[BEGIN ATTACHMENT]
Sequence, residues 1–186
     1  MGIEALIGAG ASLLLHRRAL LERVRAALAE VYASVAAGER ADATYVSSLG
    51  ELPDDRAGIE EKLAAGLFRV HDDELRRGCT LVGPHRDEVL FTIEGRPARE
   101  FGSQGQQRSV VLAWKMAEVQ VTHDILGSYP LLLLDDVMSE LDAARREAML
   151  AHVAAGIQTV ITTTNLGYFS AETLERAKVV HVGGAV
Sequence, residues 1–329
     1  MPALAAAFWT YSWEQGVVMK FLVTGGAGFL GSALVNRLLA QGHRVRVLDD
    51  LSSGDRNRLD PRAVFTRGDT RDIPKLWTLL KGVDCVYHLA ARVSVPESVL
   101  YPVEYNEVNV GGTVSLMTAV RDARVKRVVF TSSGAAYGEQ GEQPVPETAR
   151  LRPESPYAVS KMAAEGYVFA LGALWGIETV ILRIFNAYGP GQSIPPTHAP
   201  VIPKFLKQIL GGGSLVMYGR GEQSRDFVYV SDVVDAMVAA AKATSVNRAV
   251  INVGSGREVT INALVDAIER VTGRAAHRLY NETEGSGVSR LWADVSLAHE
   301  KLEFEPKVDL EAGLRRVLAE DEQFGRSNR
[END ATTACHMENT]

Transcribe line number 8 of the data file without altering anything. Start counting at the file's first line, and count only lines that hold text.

    51  LSSGDRNRLD PRAVFTRGDT RDIPKLWTLL KGVDCVYHLA ARVSVPESVL